October 10, 2002
Tom Adams, director of the consumer group Energy Probe, says Ontario electricity consumers can likely expect rebates of $100 or more to offset unexpected spikes in prices in the wake of deregulation. Photo credit: Randy Quan, Ottawa Citizen
A hot summer has added up to record-high electricity bills for many Ottawa homeowners.
Homeowners have been shocked by electricity bills of more than $200 for the two-month-period covering July and August.
Some are finding their electricity bills are more than 50 per cent higher than they paid in the same two-month period in the summer of 2001.
The cause of the dramatic increase in the amount of the bills is above-average consumption, due to air conditioner use in extended spells of torrid heat, combined with sharply higher electricity rates.
A typical customer of Hydro Ottawa paid about $233, all charges and taxes included, for the two-month period from July 10 to Sept. 10, Ottawa Hydro said yesterday. That was for 1,800 kilowatt hours of electricity.
Heat waves in that period pushed up consumption by about 18 per cent over the same period last year.
With last year’s lower consumption and prices, the same homeowner paid about $145 for the same period, by Hydro Ottawa’s reckoning.
And there was no relief for September.
Hydro Ottawa said yesterday its electricity price averaged almost 9.5 cents per kilowatt hour in the first three weeks of September. That was almost three times the price in May and June, when the average was slightly below 3.4 cents per kilowatt hour after the market was opened to competition.
But there is good news – at least for some consumers, said Tom Adams, director of Energy Probe.
Many homeowners are likely to get a rebate of $100 or more next spring of part of the higher cost they now pay for electricity, the provincial government says.
The rebate is for the homeowner who buys electricity from a hydro utility, Mr. Adams said yesterday.
The government provided for the rebate to offset part of any increase in electricity prices following its decision to open electricity to wholesale and retail competition last May, he said.
Most of Ontario’s electricity is produced by Ontario Power Generation, owned by the provincial government.
Government rules stipulate that, if the agency earns more than 3.8 cents per kilowatt hour, it must refund the excess to its customers. The rule is in place for four years, to encourage Ontario Power Generation to sell or lease generating capacity.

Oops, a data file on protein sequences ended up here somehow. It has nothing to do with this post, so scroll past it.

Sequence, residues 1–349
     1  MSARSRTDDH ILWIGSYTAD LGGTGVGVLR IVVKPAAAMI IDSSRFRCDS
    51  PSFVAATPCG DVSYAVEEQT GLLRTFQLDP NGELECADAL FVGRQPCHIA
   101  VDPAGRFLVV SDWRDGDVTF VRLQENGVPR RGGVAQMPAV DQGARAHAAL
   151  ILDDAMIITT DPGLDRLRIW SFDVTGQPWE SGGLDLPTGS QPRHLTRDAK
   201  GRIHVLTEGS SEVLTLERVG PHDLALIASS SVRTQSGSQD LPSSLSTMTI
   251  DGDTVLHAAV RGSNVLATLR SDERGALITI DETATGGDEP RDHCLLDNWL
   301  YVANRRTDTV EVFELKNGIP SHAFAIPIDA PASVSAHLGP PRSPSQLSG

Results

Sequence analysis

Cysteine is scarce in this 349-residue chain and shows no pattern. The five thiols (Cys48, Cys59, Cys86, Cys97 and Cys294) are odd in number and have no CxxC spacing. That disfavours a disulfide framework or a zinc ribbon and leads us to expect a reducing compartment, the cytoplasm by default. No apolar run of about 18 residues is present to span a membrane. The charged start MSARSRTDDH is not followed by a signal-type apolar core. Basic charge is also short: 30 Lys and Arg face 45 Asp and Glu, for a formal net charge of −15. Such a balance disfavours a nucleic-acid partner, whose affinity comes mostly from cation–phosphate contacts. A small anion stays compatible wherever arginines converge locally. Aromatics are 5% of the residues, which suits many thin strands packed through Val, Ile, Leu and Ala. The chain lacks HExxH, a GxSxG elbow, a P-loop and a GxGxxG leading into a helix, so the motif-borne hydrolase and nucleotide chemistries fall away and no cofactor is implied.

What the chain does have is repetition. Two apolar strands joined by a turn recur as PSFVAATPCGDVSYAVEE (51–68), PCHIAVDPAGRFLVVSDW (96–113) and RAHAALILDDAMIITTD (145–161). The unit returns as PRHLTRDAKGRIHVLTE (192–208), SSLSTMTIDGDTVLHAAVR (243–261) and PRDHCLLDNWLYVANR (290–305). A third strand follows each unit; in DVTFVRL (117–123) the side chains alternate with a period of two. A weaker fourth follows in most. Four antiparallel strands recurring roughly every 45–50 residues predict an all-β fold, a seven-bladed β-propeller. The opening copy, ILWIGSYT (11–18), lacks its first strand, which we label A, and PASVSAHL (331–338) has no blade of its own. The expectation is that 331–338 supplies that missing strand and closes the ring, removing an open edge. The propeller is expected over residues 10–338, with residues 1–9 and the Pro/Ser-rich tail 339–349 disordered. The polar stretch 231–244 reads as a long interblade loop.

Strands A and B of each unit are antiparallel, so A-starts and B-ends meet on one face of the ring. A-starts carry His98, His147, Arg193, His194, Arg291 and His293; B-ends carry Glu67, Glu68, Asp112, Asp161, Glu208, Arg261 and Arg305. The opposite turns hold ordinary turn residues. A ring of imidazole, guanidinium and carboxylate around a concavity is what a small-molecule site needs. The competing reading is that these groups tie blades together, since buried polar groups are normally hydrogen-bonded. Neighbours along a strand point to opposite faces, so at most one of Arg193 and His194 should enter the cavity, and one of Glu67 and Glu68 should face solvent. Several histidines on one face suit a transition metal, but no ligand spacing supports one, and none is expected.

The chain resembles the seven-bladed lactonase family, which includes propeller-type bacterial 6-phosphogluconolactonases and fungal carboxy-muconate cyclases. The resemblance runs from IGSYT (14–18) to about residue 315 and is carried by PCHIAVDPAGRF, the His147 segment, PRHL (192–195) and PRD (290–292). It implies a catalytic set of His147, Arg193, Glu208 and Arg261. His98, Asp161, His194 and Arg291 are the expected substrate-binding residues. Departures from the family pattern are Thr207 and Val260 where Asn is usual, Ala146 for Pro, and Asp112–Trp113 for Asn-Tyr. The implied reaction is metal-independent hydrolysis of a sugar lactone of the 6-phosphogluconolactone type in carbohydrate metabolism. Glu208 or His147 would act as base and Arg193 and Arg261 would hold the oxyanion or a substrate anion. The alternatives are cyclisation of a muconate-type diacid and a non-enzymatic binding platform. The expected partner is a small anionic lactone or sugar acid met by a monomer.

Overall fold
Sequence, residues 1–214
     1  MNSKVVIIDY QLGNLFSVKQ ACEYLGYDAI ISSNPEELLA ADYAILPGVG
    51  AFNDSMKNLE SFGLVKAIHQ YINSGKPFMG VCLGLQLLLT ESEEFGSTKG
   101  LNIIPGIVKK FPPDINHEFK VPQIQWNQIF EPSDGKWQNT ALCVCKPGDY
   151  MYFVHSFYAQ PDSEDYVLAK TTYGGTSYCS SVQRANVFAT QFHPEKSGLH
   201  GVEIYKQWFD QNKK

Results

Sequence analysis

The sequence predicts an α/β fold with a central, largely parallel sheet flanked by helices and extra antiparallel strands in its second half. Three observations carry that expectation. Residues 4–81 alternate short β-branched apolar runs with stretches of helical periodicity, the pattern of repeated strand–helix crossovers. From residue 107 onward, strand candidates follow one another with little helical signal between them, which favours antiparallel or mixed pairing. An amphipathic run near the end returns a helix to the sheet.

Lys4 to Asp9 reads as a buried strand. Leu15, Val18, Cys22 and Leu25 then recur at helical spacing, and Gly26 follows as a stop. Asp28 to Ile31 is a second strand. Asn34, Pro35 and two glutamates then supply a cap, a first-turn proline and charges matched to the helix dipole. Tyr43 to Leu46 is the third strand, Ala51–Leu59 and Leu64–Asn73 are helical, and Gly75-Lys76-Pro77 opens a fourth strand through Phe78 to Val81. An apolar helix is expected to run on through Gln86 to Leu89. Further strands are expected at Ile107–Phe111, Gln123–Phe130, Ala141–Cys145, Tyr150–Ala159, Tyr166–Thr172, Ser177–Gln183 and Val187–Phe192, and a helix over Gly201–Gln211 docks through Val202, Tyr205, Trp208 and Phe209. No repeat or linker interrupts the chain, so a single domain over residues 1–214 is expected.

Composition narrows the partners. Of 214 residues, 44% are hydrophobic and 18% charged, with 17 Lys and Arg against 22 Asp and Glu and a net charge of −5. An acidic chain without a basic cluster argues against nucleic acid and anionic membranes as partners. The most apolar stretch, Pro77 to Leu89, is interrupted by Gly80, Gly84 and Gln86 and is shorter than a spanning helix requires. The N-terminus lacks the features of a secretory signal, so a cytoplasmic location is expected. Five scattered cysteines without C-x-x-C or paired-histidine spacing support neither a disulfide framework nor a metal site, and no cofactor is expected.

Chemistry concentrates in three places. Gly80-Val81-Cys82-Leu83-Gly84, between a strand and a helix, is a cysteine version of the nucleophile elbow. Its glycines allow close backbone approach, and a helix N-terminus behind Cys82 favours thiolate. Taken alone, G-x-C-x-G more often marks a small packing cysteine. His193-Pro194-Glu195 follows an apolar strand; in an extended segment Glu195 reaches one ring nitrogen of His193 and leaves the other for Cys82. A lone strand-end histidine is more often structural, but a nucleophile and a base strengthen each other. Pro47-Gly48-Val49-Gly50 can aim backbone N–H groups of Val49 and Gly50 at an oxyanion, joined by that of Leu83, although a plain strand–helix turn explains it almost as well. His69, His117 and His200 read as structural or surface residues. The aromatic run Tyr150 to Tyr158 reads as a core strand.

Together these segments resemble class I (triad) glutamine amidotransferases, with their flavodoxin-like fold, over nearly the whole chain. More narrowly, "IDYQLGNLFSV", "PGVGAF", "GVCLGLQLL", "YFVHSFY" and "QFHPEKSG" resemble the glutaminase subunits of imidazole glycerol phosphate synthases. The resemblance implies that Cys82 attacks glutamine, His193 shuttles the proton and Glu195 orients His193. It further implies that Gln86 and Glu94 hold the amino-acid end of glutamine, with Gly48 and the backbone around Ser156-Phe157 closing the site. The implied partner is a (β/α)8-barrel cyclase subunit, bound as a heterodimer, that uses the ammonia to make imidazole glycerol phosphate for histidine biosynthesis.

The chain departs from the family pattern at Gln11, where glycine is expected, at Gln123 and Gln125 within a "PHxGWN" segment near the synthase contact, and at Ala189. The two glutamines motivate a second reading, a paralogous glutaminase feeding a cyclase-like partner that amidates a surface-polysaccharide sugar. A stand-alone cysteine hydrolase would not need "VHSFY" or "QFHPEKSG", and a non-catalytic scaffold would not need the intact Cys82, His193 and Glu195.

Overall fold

However, consumers who purchase electricity from an independent retailer are unlikely to get the rebate.
Independent retailers, which offer electricity for periods up to five years at fixed rates, are under no obligation to pass on any rebate to their customers, Mr. Adams said.
The cost of electricity accounts for slightly more than half a hydro bill. The rest is for transmission, delivery and repayment of huge debts accumulated by Ontario Hydro during years of inefficient operation.
These related costs have also increased, by an estimated 15-20 per cent over the past three years, said Mr. Adams.
The refund will be paid at the end of April 2003, after the first year of market competition. It will be distributed according to how much a consumer used.
Mr. Adams estimated the refund would be at least one cent per kilowatt hour. Since May, the price of electricity has averaged about 5.5 cents a kilowatt hour.
So, with the refund, Mr. Adams said, electricity prices so far average about the same as the 4.3 cents per kilowatt hour fixed price that existed prior to competition.
Mr. Adams said his advice to consumers is to purchase electricity from their hydro utility, and not to sign a contract with an independent retailer, which typically charges a fixed rate of about six cents per kilowatt hour for terms up to five years.
He blamed indecision by the Ontario government for shortages of electricity that occurred this summer and which may occur again next summer, according to the Independent Electricity Market Operator, which runs the system.
Earlier this week, the provincial government refused to rule out the possibility of blackouts or brownouts.
“We went through the hottest summer in 50 years, the system was strained but the system worked,” sid Energy Minister John Baird.
The government has hesitated to move to a free market for production of electricity, and this has discouraged private investment, he said.